I approached Sheril Kirshenbaum’s The Science of Kissing: What Our Lips Are Telling Us with some trepidation and excitement. The former is a consequence of my hypochondria and its associated germophobia. I have no aversion to kissing in my own life (apologies for divulging personal information), but I did have some worries about having to read about other humans engaged in such an act of hygienic daring. And yet I was excited because I am interested in multidisciplinary explorations of human behavior. And of course I was familiar with the author’s oeuvre, and was expecting an engaging and wide-ranging exploration of the topic at hand.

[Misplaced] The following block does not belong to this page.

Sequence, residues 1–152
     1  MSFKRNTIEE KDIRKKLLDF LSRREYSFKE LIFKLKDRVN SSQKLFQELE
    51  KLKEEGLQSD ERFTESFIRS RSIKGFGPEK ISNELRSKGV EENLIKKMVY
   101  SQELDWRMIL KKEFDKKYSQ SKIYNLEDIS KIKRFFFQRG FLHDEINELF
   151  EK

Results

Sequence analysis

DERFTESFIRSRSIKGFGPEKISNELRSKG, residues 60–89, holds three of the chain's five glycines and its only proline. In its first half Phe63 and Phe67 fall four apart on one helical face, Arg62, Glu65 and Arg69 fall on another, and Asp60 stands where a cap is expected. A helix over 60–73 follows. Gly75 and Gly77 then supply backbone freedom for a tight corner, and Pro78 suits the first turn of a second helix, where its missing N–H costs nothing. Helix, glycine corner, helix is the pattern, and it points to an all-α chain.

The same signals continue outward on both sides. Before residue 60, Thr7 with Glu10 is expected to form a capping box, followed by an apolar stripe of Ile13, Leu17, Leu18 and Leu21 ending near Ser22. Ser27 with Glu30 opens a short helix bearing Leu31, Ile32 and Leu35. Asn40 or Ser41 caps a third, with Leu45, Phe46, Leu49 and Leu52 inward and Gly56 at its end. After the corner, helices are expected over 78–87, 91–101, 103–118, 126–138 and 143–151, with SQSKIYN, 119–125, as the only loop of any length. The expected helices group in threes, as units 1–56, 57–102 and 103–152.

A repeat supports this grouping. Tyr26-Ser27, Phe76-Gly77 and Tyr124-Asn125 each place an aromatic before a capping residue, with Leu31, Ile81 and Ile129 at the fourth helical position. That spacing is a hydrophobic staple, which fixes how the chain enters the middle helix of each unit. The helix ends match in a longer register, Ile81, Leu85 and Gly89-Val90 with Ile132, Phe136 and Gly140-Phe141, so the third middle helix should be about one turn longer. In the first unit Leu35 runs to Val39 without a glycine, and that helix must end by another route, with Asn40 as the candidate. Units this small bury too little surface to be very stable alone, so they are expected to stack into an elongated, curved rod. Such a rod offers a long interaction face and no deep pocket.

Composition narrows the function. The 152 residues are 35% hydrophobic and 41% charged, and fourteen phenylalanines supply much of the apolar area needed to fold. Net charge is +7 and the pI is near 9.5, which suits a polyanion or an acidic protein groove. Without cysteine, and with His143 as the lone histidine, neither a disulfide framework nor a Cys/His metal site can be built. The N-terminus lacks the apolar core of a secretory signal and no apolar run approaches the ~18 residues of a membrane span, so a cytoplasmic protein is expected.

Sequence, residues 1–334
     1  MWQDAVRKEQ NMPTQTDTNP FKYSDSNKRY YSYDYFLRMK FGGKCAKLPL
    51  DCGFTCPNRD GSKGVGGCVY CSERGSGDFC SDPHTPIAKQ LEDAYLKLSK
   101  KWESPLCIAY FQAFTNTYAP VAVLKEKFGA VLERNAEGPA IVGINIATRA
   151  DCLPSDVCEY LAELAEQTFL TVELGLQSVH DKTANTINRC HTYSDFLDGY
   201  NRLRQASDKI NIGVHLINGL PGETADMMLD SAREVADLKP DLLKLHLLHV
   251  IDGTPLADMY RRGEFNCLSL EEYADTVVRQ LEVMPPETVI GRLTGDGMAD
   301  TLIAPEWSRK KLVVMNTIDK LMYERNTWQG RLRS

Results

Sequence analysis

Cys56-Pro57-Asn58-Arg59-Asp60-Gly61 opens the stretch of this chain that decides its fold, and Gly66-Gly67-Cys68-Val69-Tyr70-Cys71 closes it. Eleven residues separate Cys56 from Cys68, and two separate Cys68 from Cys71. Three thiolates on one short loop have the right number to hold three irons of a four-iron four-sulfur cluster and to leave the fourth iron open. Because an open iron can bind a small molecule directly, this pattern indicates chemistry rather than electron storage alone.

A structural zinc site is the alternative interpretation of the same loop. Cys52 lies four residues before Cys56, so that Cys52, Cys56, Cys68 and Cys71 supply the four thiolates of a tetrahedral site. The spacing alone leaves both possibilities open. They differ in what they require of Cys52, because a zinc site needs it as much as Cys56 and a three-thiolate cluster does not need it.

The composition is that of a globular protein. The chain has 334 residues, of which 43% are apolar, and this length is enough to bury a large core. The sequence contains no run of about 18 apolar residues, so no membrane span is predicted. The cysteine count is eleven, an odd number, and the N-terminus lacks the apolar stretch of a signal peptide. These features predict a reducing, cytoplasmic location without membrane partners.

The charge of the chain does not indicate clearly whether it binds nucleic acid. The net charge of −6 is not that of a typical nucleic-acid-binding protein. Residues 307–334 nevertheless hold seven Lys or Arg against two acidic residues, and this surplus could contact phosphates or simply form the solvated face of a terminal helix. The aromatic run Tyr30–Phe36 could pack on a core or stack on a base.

I was not disappointed. The Science of Kissing is an intellectual full-court press; every conceivable discipline of relevance is brought into the mix. History, ethnography, ethology, neuroscience, evolutionary biology, physiology, and epidemiology, all receive attention, to name just a few of the more prominent lenses which the author fits over the course of the narrative. In other words you’re presented with an intellectual buffet. A well rounded meal will require you to sample widely, but if the lack of punctiliousness of Romans in matters of hygiene is not to your taste, you may find a discussion of the latest neuroimaging techniques and their application to matters of behavioral response more to your liking.